Owner Rupert Murdoch's expansion of general news coverage [at the WSJ] and a new lifestyle magazine are starting to attract wealthy consumers and create ad space for retailers, said Milton Pedraza, chief executive officer of Luxury Institute LLC. ``They certainly have become a significant part of the advertising mix for luxury brands where they were not before,'' said Pedraza, whose New York research group tracks the market for the most expensive lines of consumer goods and services. ``They're definitely stealing advertising dollars.''News Corp. has an inherent advantage. Plus, Rupert has shown a willingness to lose huge sums of money in newspaper wars, as the Post has been doing for years. Maybe the Times should go tabloid, go weekly, and run lots of sex ads and crush the Village Voice. Just for self-esteem! [Bloomberg; pic via Daylife]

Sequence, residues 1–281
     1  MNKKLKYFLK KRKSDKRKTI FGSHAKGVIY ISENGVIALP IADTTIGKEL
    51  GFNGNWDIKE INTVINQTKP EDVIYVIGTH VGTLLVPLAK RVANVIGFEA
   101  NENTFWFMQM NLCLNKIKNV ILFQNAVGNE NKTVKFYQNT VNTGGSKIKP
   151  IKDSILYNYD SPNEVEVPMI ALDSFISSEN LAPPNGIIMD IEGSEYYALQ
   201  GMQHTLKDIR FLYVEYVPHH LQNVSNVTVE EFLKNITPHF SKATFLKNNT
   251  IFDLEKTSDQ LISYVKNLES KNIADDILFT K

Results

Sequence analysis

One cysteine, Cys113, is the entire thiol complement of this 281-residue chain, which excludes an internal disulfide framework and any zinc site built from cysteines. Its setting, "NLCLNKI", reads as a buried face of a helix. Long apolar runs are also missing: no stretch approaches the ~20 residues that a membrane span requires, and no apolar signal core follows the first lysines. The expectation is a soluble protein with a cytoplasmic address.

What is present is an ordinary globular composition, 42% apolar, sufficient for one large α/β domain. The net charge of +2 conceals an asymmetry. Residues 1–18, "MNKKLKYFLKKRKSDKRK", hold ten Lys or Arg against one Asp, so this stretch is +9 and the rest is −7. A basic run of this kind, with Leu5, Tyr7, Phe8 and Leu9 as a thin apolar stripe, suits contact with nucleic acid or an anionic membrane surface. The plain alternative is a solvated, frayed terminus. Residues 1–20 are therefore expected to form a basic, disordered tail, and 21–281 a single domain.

The financial reports of the New York Times Co. yesterday were predictably awful. Print ad revenue was cratering even before the stock market collapsed, so it's hard to see any turnaround in the near future. And as if the economy itself isn't giving the Times enough problems, they're also dealing with Rupert Murdoch trying to crush them, advertising-wise, in a pincer grip; the Wall Street Journal is falling on their head, and the New York Post is coming right up their ass. Rupert made a lot of noise about taking on the Times directly when he bought the WSJ. But he has a big advantage: another major newspaper in the same market. So while the WSJ is trying to steal away the NYT's high-end advertisers (and succeeding)—luxury watchmakers, Tiffany & Co., expensive liquors, and corporations running "message" ads—the other News Corp. paper, the unprofitable Post, is competing with the Times for middlebrow advertisers and upper middle class retailers in New York City—Bergdorf Goodman, Macy's, Bloomingdale's, car dealerships, cell phone companies.